7 Fun and Easy Warm Ups to Start Your Writing Day

7 Fun and Easy Warm Ups to Start Your Writing Day

Reader Comments (32)

  1. I personally am never stuck and don’t need this, but for most other people I know, these ideas are pure gold. I have taught them in my corporate training seminars on technical writing with good results reported by the students.

    • Thank you, Bob.

      I tend to go straight into free writing mode if I’m feeling stuck. (Just need to remember to delete that “I really don’t feel like writing today” first line).

  2. Pamela–

    Great ideas. I call sitting in front of the computer not knowing what to write, “Blank Screen Syndrome”.

    Like vitamins, developing your writing habit and collecting ideas help avoid it.

    I also love your “Dear John” letter approach. The Sales Lion, Marcus Sheridan calls it “Who don’t you want as a customer?” (BTW, it’s one of the strongest converting posts on his site!)

    Happy marketing,
    Heidi Cohen

    • Very cool, Heidi. I haven’t seen that post yet and will have to go look for it on Marcus’s site.

      That “who don’t I want to serve” question is tough for people to answer, so I stuck it in here as a no-pressure prompt to help people think about it.

  3. Pamela,

    This list is brilliant! I find a lot of writing prompts to be rather ‘blah’ but I appreciate the relevance to blogger. The ‘Dear John’ letter has to be my favorite here. There is no doubt that I will use this. Thank you.

    JIM

  4. Great tips, Pamela. Seems likely that doing these exercises over time will increasingly lead to clicking “publish” – as posts, sales copy, or even book chapters, eh?

    ;-D

  5. I knew there must have been such a thing as a cursed cursor! That explains a lot.

    Love the idea of writing to your 6 year old self. However, I think I would literally frighten the poor (but cute and loveable) lad to death.

    Would love to read some other peoples letters to their little six year old versions.

  6. Great post!

    Personally, I found that writing answers about writing on Quora worked wonders for me. Teaching others what I know and sharing insights on writing rekindle my spark and usually open that blockage after answering only one or two questions.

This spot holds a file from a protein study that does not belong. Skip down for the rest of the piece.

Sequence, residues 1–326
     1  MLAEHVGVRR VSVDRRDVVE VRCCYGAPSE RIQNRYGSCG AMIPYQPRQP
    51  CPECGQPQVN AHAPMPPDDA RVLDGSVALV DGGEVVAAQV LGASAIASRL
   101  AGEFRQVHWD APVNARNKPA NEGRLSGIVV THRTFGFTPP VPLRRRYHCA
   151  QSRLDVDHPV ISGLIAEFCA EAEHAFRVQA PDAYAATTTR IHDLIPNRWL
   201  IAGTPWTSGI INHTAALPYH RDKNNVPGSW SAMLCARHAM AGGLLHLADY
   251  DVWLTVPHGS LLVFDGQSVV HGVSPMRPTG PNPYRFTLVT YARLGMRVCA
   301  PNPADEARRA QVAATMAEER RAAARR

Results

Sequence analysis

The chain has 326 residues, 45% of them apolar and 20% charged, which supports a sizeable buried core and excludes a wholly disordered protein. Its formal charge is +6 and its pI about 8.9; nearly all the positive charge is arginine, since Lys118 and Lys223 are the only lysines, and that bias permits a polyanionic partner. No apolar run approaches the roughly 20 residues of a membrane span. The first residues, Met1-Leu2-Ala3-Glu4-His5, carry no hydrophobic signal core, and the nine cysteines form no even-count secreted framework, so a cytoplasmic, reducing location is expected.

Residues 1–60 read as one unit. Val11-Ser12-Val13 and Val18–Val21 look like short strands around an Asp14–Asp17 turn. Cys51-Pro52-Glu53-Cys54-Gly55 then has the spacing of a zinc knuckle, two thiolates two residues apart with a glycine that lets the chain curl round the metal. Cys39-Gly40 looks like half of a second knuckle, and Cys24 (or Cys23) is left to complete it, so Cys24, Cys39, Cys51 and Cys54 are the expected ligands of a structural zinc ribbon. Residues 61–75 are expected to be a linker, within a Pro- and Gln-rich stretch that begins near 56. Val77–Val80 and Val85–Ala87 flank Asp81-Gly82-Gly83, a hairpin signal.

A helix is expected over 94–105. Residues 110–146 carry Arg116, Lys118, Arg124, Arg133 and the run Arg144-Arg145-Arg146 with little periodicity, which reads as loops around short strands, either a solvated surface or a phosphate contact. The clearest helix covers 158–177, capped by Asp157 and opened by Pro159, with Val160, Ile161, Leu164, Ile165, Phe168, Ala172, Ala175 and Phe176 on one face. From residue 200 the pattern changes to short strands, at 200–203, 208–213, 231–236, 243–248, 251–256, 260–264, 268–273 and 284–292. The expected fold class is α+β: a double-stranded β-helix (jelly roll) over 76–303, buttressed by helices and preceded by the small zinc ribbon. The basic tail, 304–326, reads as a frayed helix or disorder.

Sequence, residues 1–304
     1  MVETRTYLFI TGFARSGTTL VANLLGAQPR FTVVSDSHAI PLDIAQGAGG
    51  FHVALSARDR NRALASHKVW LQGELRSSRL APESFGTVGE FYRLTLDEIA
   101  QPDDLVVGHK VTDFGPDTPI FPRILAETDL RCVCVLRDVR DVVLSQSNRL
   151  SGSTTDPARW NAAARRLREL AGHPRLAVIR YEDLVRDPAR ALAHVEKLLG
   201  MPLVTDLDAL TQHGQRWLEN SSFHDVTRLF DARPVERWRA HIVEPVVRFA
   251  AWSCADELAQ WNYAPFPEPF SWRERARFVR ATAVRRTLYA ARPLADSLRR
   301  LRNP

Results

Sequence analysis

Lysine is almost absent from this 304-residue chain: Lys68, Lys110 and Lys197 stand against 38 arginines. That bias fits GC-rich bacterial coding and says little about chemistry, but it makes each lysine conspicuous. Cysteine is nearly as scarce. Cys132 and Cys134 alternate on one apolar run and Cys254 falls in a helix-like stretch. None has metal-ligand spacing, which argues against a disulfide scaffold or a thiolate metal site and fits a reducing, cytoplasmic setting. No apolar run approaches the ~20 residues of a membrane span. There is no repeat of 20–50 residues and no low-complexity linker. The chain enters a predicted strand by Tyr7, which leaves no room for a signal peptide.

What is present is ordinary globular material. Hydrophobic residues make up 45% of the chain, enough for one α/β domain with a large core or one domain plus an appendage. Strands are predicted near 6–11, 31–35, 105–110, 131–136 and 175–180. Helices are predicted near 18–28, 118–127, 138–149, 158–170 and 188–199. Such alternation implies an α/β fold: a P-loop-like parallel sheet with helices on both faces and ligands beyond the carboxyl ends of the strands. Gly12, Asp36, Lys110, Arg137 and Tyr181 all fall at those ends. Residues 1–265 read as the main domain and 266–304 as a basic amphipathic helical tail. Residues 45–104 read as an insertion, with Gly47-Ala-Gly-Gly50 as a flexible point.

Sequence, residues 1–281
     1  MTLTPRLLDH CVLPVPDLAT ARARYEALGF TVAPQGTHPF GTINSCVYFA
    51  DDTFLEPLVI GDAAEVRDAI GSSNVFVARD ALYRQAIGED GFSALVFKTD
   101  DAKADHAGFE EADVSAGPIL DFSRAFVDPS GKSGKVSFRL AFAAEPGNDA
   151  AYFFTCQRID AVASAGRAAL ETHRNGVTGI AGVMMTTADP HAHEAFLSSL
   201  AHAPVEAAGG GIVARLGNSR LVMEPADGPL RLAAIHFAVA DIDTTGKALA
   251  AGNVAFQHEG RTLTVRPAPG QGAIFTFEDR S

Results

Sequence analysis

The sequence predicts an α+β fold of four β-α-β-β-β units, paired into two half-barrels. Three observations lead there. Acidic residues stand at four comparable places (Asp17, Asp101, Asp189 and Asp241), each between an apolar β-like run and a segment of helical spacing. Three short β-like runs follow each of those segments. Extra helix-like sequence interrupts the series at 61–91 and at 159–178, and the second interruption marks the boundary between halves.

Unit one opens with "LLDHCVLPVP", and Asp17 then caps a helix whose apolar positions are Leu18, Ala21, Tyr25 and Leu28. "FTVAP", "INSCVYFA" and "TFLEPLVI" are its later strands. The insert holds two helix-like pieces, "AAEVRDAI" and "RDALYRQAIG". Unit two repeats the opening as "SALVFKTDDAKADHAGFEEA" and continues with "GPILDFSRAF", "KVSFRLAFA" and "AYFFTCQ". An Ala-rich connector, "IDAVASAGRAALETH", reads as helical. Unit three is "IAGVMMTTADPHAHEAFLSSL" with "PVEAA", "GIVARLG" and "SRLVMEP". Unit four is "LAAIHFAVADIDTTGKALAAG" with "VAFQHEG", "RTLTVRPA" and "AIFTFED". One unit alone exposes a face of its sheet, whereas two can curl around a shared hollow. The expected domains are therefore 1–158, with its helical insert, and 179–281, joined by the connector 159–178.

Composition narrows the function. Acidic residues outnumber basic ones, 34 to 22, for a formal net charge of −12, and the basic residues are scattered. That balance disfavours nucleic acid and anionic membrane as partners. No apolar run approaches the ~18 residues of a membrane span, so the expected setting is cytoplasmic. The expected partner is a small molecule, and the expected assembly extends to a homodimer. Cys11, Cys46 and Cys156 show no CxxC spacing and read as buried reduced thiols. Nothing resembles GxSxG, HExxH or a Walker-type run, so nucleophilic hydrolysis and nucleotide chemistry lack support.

Try it if you’re ever feeling really, really stuck – it may just help you too!

    • Interesting, Selena. I haven’t done anything at all on Quora but it sounds like a fascinating way to get your writing brain in gear. Thanks for sharing the idea.

  7. Such great ideas! As any writer, freelance or otherwise will tell you, getting in front of the computer is the toughest part of writing. It’s only when we get in front of the screen and just let the fingers fly that we can see great results. Thank you for sharing!

  8. Dear Pamela:
    Wonderful topic and suggestions. I especially like your allusion to what I call a “Judgment Free Zone” where you can write what you want to without worrying about likes, shares, and metrics.

    For 3 years, my Judgment Free Zone has been a friend’s weekly newsletter where I’m introducing the basics of content marketing to a shrinking niche where few have adopted it. (Yes, it *is* a niche!) The benefits are I enjoy the ritual and the freedom to choose and express the topics. But, more important, I’m increasingly using these posts as the first drafts of longer posts I submit elsewhere!

    Hint: I number the posts as a series, and now have over 144 ready to be adapted, reformatted, and reused!

    A final idea that often works for me and my clients: I just pick up the phone and call a friend and say: “This is what I’m trying to do, but I can’t find the words. Can I take 10 minutes of your time to try to describe my project?” At the end of that time, the yoke of frustration has been broken–whether or not I recorded the call.

    Again, thank you for a great topic!

    • Love that “phone a friend” idea, Roger.

      Once in a while I say to my ever-patient husband, “Would you mind if I just talk about something for a few minutes?” It’s strange how simply verbalizing a problem helps unlock ideas (and words to describe them) in a way that plain thinking doesn’t.

  9. This was just what I wanted to warm up my writing gear. The last time I updated my blog was 7 days ago. I’ve really been BUSY doing……NOTHING.

    I really need to get writing now.

    thanks Pamela, for the helpful tips…

  10. Pamela,

    Great ideas! I used to write very fast and precise in my native language (Spanish) but now that I started writing in English I became slow and now I spend hours in front of the screen thinking what to write.

    Definitely, I will use some of this ideas.

    Thanks,
    Bianca

  11. Wow…this is amazing. Warm up’s for writing. The elaborate explanation makes the deal for me. True…when our fingers jump to typing, ideas flow more freely and then we end up writing without stopping at the blinking cursor.

    Writing a letter to six year old self is similar to giving advice to younger self trend.

    This could be even an entire blog post altogether.